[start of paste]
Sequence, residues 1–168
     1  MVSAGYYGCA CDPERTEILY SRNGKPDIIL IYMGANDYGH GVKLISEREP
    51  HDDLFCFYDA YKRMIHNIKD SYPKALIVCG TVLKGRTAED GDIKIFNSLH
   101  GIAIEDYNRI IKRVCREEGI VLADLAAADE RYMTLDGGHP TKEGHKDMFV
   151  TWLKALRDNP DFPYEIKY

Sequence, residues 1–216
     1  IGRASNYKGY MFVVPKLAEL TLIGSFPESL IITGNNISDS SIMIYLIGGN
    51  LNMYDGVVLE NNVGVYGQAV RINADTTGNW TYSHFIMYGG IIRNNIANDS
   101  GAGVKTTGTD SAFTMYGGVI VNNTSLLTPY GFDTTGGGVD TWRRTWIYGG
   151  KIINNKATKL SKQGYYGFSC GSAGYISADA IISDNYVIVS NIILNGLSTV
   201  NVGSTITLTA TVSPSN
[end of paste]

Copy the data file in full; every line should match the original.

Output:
Sequence, residues 1–168
     1  MVSAGYYGCA CDPERTEILY SRNGKPDIIL IYMGANDYGH GVKLISEREP
    51  HDDLFCFYDA YKRMIHNIKD SYPKALIVCG TVLKGRTAED GDIKIFNSLH
   101  GIAIEDYNRI IKRVCREEGI VLADLAAADE RYMTLDGGHP TKEGHKDMFV
   151  TWLKALRDNP DFPYEIKY

Sequence, residues 1–216
     1  IGRASNYKGY MFVVPKLAEL TLIGSFPESL IITGNNISDS SIMIYLIGGN
    51  LNMYDGVVLE NNVGVYGQAV RINADTTGNW TYSHFIMYGG IIRNNIANDS
   101  GAGVKTTGTD SAFTMYGGVI VNNTSLLTPY GFDTTGGGVD TWRRTWIYGG
   151  KIINNKATKL SKQGYYGFSC GSAGYISADA IISDNYVIVS NIILNGLSTV
   201  NVGSTITLTA TVSPSN